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Review of "Outcast" from

Amidst a genre constantly spawning substyles and movements, the most interesting are often the least expected. This year alone, three notable horror films—Darren Aronofsky’s BLACK SWAN, Phillip Ridley’s HEARTLESS and the subject of this review, Colm McCarthy’s OUTCAST—beautifully and successfully mix the raw, handheld presentation of city-centric and urban environments with the surreal, magical and supernatural. And by filming such topics in a realistic and confrontational manner, rather than lush, soft and more traditionally, the three filmmakers have all created unique and fascinating films worth seeking out.

OUTCAST, playing this Sunday at the New York City Horror Film Festival, concerns young Fergal (Niall Bruton) and his mother Mary (Kate Dickie). The two lead a nomadic lifestyle, always on the run from their past and, more specifically, a man named Cathal (James Nesbitt), who’s been charged with hunting down the boy and killing him. It’s evident from her sacrificial rituals, symbol paintings and general behavior that Mary is some sort of witch, and the two are deeply entrenched in something beyond our world. As Fergal and his mom settle into a new estate in Edinburgh, Scotland, they begin to face dark troubles from a beast prowling the area, Fergal’s dangerous blossoming of first love with new neighbor Petronella (Hanna Stanbridge) and their final confrontation with Cathal.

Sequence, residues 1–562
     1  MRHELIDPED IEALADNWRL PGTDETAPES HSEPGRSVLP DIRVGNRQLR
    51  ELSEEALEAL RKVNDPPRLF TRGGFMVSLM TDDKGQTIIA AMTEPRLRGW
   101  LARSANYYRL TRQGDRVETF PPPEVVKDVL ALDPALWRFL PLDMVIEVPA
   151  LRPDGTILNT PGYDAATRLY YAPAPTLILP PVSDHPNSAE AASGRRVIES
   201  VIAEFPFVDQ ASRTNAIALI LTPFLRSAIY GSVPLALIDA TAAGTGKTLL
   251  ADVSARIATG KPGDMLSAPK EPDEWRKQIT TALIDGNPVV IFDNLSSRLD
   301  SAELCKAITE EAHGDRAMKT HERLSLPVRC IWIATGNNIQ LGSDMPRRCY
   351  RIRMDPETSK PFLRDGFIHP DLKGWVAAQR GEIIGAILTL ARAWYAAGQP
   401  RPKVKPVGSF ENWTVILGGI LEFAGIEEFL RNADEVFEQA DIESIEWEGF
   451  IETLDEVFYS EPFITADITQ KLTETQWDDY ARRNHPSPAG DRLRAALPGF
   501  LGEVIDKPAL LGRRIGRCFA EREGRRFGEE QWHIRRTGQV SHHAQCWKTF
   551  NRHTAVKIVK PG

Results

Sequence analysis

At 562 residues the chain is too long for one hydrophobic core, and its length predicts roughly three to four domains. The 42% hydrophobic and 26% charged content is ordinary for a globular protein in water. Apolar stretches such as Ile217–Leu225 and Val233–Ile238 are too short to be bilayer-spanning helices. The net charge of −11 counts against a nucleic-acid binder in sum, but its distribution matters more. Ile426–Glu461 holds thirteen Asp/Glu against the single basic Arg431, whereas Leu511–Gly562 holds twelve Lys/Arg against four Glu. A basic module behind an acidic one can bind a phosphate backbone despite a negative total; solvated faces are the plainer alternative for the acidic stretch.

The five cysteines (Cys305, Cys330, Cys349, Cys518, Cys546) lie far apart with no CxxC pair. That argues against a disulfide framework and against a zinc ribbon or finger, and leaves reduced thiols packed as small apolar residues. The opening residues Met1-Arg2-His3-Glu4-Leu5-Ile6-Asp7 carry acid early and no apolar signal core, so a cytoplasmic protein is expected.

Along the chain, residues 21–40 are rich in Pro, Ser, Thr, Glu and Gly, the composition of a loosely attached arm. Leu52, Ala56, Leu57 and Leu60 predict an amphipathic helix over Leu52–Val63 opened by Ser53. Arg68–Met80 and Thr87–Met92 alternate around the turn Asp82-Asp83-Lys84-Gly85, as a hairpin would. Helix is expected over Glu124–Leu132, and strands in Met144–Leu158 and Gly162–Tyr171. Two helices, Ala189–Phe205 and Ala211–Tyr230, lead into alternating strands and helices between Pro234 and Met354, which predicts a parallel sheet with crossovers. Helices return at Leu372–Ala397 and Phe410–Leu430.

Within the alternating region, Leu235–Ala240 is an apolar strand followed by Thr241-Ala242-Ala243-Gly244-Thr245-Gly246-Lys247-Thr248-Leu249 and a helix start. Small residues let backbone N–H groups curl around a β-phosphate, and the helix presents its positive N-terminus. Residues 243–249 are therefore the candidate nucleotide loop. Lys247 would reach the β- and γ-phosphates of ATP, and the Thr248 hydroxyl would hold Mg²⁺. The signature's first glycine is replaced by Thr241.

There’s a certain trepidation that comes with seeing a filmmaking approach similar to that employed by Aronofsky on THE WRESTLER, or in documentaries (this isn’t a POV-style film, however) used in a tale of the supernatural, and truth be told, it’s probably used least in OUTCAST as opposed to the other two aforementioned films, but nonetheless, the rawness is definitely present. In this, his first film, McCarthy makes the urban decay and concrete surroundings just as atmospheric as any sprawling countryside—and, surprisingly, makes the magic at hand feel more tangible. The fantasy isn’t elevated here; instead, it both blends into and confronts a very real depiction of our modern world.

OUTCAST isn’t exactly groundbreaking, as there are elements you’ve no doubt seen before, but like any classical story tropes, as long as they’re done right, they still work. One such aspect is Fergal’s coming of age; Mary makes much fuss over his relationship with Petronella, and the threat of what will happen if he doesn’t restrain his more primal and sexual feelings for her. The film is obviously asking you to wonder if Fergal is the beast (I won’t spoil that here), and there’s a strong parallel drawn between the monster and the young man’s coming to terms with more adult situations and the changes his body and mind are going through as he grows.

The ensemble really sell the film, especially Dickie as the stern, spiritual and protective Mary and Nesbitt’s Cathal, who along with Dickie play the grey area between good and evil tremendously well. McCarthy, who wrote the film with his brother Tom, comes mostly from the television world, but seems to have had no trouble crafting a highly cinematic debut. OUTCAST has been picked up by Indomina Releasing for U.S. distribution at some point next year, and you would do well to check it out.